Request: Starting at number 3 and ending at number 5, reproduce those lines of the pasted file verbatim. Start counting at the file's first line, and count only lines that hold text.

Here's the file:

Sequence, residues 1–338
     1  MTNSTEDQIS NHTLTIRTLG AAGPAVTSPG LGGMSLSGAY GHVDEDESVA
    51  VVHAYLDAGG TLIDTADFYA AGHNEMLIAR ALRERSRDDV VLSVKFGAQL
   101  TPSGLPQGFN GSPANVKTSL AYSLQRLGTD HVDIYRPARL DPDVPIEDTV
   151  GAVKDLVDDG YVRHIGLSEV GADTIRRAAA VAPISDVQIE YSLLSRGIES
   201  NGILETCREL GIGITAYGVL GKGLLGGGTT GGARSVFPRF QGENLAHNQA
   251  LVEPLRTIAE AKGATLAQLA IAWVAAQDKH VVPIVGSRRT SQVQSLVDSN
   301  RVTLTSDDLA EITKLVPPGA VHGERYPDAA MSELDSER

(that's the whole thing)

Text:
    51  VVHAYLDAGG TLIDTADFYA AGHNEMLIAR ALRERSRDDV VLSVKFGAQL
   101  TPSGLPQGFN GSPANVKTSL AYSLQRLGTD HVDIYRPARL DPDVPIEDTV
   151  GAVKDLVDDG YVRHIGLSEV GADTIRRAAA VAPISDVQIE YSLLSRGIES